A melody is heard, played upon a flute. It is small and fine, telling of grass and trees and the horizon. The curtain rises.
Before us is the Salesman's house. We are aware of towering, angular shapes behind it, surrounding it on all sides. Only the blue light of the sky falls upon the house and forestage; the surrounding area shows an angry glow of orange. As more light appears, we see a solid vault of apartment houses around the smalI, fragile-seeming home. An air of the dream clings to the place, a dream rising out of reality. The kitchen at center seems actual enough, for there is a kitchen table with three chairs, and a refrigerator. But no other fixtures are seen. At the back of the kitchen there is a draped entrance, which leads to the living room. To the right of the kitchen, on a level raised two feet, is a bedroom furnished only with a brass bedstead and a straight chair. On a shelf over the bed a silver athletic trophy stands. A window opens onto the apartment house at the side.
Behind the kitchen, on a level raised six and a half feet, is the boys' bedroom, at present barely visible. Two beds are dimly seen, and at the back of the room a dormer window. (This bedroom is above the unseen living room.) At the left a stairway curves up to it from the kitchen.
The entire setting is wholly or, in some places, partially transparent. The roof-line of the house is one-dimensional; under and over it we see the apartment buildings. Before the house lies an apron, curving beyond the forestage into the orchestra. This forward area serves as the back yard as well as the locale of all Willy's imaginings and of his city scenes. Whenever the action is in the present the actors observe the imaginary wall-lines, entering the house only through its door at the left. But in the scenes of the past these boundaries are broken, and characters enter or leave a room by stepping "through" a wall onto the forestage.
From the right, Willy Loman, the Salesman, enters, carrying two large sample cases. The flute plays on. He hears but is not aware of it. He is past sixty years of age, dressed quietly. Even as he crosses the stage to the doorway of the house, his exhaustion is apparent. He unlocks the door, comes into the kitchen, and thankfully lets his burden down, feeling the soreness of his palms. A word-sigh escapes his lips - it might be "Oh, boy, oh, boy." He closes the door, then carries his cases out into the living room, through the draped kitchen doorway.
Linda, his wife, has stirred in her bed at the right. She gets out and puts on a robe, listening. Most often jovial, she has developed an iron repression of her exceptions to Willy's behavior - she more than loves him, she admires him, as though his mercurial nature, his temper, his massive dreams and little cruelties, served her only as sharp reminders of the turbulent longings within him, longings which she shares but lacks the temperament to utter and follow to their end.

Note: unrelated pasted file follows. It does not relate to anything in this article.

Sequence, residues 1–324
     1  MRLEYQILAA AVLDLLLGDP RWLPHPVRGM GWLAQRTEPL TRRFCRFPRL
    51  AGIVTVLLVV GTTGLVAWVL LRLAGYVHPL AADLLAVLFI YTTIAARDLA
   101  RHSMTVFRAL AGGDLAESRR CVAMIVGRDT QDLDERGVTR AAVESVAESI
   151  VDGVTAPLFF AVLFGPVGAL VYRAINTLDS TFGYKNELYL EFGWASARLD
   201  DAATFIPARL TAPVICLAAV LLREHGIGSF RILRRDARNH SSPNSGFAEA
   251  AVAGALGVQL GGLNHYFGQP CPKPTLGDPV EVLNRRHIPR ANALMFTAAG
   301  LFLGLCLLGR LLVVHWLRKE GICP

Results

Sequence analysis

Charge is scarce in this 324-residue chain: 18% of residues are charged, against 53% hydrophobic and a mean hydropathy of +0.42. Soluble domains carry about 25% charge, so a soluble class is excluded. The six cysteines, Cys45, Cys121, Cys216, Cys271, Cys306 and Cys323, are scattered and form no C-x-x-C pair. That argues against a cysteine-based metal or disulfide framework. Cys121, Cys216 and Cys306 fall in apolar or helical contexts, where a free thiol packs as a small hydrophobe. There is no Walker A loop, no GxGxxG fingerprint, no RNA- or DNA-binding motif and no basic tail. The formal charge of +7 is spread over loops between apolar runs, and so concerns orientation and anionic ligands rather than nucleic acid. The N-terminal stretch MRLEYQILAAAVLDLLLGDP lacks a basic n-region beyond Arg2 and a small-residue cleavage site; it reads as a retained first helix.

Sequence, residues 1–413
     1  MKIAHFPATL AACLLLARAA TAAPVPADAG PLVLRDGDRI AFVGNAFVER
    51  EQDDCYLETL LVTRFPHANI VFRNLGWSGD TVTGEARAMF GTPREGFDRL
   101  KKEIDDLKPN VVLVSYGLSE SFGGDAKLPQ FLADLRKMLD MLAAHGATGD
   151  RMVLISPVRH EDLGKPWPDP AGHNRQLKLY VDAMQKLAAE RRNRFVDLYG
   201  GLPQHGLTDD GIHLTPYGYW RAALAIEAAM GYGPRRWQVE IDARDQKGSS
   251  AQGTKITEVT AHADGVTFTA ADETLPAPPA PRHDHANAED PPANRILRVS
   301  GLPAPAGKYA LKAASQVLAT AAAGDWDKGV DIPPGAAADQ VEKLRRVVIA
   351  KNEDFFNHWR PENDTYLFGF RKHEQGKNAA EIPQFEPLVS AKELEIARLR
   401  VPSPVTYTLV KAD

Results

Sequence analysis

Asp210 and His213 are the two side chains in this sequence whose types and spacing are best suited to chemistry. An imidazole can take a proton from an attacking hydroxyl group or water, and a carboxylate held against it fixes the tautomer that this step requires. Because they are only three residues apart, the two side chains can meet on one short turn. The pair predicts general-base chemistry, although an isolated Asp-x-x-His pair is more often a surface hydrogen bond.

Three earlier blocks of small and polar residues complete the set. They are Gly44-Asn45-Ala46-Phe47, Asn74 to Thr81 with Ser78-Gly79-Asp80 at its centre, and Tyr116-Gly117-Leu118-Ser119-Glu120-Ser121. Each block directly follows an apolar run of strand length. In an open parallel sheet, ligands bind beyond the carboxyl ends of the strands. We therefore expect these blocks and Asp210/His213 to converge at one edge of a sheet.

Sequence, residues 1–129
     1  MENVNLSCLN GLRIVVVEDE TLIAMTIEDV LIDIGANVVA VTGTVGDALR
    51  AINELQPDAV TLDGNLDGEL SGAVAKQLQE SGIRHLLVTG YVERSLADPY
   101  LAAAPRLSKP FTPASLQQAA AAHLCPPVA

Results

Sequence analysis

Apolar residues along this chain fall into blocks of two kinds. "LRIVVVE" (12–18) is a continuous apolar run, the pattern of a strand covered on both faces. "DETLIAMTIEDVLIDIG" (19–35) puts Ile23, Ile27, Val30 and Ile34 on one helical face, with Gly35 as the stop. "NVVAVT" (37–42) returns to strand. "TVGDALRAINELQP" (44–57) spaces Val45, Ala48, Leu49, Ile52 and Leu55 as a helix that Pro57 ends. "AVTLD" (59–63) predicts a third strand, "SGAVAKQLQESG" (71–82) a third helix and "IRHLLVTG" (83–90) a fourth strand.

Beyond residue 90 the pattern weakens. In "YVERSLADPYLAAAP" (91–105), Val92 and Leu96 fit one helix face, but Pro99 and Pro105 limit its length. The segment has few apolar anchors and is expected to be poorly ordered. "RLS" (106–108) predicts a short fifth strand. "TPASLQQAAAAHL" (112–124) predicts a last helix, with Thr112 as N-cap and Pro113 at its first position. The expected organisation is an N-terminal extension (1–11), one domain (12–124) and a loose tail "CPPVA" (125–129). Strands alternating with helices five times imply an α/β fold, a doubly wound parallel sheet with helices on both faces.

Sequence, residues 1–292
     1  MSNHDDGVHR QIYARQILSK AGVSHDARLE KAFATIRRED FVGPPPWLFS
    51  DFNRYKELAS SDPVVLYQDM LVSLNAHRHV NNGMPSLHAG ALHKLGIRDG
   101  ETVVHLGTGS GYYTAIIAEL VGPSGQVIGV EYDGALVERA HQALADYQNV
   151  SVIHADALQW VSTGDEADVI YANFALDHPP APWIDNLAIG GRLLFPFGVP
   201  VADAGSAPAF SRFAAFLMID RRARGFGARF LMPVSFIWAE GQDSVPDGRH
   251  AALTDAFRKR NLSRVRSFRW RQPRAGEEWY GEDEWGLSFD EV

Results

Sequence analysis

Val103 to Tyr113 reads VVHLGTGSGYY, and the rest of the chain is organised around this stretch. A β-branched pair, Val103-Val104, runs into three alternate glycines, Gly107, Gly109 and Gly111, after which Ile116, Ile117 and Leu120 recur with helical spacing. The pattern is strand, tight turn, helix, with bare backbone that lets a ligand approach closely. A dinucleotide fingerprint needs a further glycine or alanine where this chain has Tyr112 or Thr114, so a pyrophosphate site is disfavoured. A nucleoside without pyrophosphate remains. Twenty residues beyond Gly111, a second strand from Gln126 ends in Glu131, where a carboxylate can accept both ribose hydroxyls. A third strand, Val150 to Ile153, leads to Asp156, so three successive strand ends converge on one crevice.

LINDA (hearing Willy outside the bedroom, calls with some trepidation): WiIly!
WILLY: It's aIl right. I came back.
LINDA: Why? What happened? (Slight pause.) Did something happen, WiIly?
WILLY: No, nothing happened.
LINDA: You didn't smash the car, did you?
WILLY (with casual irritation): I said nothing happened. Didn't you hear me?
LINDA: Don't you feel well?
WILLY: I'm tired to the death. (The flute has faded away. He sits on the bed beside her, a little numb.) I couldn't make it. I just couldn't make it, Linda.
LINDA (very carefully, delicately): Where were you aIl day? You look terrible.
WILLY: I got as far as a little above Yonkers. I stopped for a cup of coffee. Maybe it was the coffee.
WILLY (after a pause): I suddenly couldn't drive any more. The car kept going off onto the shoulder, y'know?
LINDA (helpfully): Oh. Maybe it was the steering again. I don't think Angelo knows the Studebaker.
WILLY: No, it's me, it's me. Suddenly I realize I'm goin' sixty miles an hour and I don't remember the last five minutes. I'm - I can't seem to - keep my mind to it.
LINDA: Maybe it's your glasses. You never went for your new glasses.
WILLY: No, I see everything. I came back ten miles an hour. It took me nearly four hours from Yonkers.
LINDA (resigned): Well, youŽll just have to take a rest, Willy, you canŽt continue this way.
ARTHUR MILLER: DEATH OF A SALESMAN